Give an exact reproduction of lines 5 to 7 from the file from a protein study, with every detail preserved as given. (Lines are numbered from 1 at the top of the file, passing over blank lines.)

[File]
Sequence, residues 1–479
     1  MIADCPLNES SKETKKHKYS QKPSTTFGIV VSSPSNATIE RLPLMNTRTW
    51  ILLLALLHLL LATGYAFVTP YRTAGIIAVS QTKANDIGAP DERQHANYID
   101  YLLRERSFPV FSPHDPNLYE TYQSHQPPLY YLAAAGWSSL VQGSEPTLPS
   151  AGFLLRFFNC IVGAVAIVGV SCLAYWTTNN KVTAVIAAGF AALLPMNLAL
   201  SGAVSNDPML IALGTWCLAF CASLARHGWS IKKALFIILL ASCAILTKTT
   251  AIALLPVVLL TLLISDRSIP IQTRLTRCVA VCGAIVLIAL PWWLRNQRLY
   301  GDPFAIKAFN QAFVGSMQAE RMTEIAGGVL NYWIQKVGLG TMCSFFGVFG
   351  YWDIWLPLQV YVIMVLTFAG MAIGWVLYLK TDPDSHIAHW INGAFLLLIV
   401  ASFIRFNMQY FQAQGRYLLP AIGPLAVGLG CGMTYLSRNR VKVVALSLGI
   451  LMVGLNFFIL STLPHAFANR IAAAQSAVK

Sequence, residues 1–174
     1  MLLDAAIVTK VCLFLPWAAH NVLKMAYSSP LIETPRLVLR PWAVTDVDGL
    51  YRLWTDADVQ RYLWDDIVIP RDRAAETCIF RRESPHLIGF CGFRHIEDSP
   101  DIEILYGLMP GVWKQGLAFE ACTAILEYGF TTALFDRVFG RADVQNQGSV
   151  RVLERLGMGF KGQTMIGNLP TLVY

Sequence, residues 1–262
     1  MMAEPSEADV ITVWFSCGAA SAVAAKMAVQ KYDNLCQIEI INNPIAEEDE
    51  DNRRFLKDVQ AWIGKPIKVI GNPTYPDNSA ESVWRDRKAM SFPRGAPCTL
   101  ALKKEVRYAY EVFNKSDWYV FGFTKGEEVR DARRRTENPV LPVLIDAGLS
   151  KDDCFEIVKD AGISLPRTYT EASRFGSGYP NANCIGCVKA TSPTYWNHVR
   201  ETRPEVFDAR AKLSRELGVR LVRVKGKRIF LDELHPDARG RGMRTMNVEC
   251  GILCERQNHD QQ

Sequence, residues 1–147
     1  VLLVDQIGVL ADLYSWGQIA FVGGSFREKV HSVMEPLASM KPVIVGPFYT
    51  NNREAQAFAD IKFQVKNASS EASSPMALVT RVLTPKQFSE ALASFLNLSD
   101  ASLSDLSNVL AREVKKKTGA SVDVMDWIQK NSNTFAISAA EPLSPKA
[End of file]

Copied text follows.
   151  AGFLLRFFNC IVGAVAIVGV SCLAYWTTNN KVTAVIAAGF AALLPMNLAL
   201  SGAVSNDPML IALGTWCLAF CASLARHGWS IKKALFIILL ASCAILTKTT
   251  AIALLPVVLL TLLISDRSIP IQTRLTRCVA VCGAIVLIAL PWWLRNQRLY